China and Japan are the world's second-largest and third-largest economies respectively. Hence, when official data is reported from these two global powerhouses, the financial world sits up and takes notice.
However, fresh data from both China and Japan do not indicate a clear trend in the global environment. In Japan, the central bank reported that the quarterly Tankan Survey for large manufacturers was at minus 8 in March from minus 12 in December. The median estimate of 24 economists surveyed by Bloomberg News was for a Tankan reading of minus 7.
Japanese stocks immediately fell after the announcement, with the Topix Index heading for a three-week low.
The negative reading is worrying. Although the yen has weakened over 1,000 pips since the start of the year - a move that should boost exports - the survey results tell us that confidence among big Japanese manufacturers and exporters is still weak.
The lingering pessimism may make it harder for Kuroda to achieve a 2 percent inflation target as he needs companies to boost spending and wages to help revive growth. Analysts including former Morgan Stanley Chief Global Economist Stephen Roach say they're not convinced monetary easing alone can revive the Japanese economy, as Kuroda vows to do "whatever it takes" to end more than a decade of deflation. The Bank of Japan will meet this week, from 3rd to 4th April, which is the first policy meeting after Governor Haruhiko Kuroda took office.
Kuroda last week said the BOJ will consider combining its monthly bond purchases and asset-purchase fund, as well as buying more debt with longer maturities and scrapping a rule that limits the scale of bond buying. He has also suggested bringing forward open-ended asset purchases planned for 2014. The central bank currently buys government bonds with maturities of up to three years, as well as exchange-traded funds, real-estate investment trusts and other risk assets, through a fund targeted to reach 76 trillion yen by the end of this year.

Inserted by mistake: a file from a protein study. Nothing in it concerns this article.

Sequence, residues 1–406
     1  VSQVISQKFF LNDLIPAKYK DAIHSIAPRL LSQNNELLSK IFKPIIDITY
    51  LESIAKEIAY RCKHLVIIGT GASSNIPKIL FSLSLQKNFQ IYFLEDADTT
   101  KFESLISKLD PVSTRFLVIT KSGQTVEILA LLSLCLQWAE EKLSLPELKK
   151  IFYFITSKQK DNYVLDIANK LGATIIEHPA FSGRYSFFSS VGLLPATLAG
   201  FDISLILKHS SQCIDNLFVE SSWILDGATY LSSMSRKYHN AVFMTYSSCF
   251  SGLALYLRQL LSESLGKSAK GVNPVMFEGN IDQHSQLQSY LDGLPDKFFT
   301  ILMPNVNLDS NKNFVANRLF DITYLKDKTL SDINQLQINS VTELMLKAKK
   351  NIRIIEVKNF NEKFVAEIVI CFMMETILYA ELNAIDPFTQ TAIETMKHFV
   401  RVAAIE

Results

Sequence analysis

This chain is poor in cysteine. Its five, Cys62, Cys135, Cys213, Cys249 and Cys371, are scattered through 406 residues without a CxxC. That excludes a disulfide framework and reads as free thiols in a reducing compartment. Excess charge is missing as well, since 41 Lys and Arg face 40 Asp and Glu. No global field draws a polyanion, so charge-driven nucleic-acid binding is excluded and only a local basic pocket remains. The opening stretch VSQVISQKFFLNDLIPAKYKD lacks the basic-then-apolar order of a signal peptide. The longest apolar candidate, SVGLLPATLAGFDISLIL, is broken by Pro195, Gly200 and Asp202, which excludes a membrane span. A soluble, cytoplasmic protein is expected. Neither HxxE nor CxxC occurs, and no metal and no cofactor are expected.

In China, the National Bureau of Statistics reported that the Purchasing Managers' Index (PMI) came in at 50.9, an 11-month high and up from 50.1 in February. Although an 11-month high, the PMI was lower than the 51.2 median estimate of 26 analysts surveyed by Bloomberg News.
Immediately after the announcement, the benchmark Shanghai Composite Index rose 0.2 percent. The yuan also strengthened for a fifth straight week and touched a 19-year high.
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I expect figures to come in below 200K, (previous figure was 236K).
Short GBP/AUD at 1.4565
On the 4-hourly chart, GBP/AUD is moving in a range, with resistance located at 1.4623. With China's good PMI figures, I expect the Aussie to strengthen.
An entry is taken at 1.4565, 58 pips below the resistance level. A stop loss of 80 pips is placed above the resistance level. We will have two targets on this trade, exiting the first position at 1.4485 and the second position at 1.4405.
Entry Price = 1.4565
Stop Loss = 1.4645
1st Profit = 1.4485
2nd Profit =1.4405
Disclosure: I have no positions in any stocks mentioned, and no plans to initiate any positions within the next 72 hours. I wrote this article myself, and it expresses my own opinions. I am not receiving compensation for it. I have no business relationship with any company whose stock is mentioned in this article.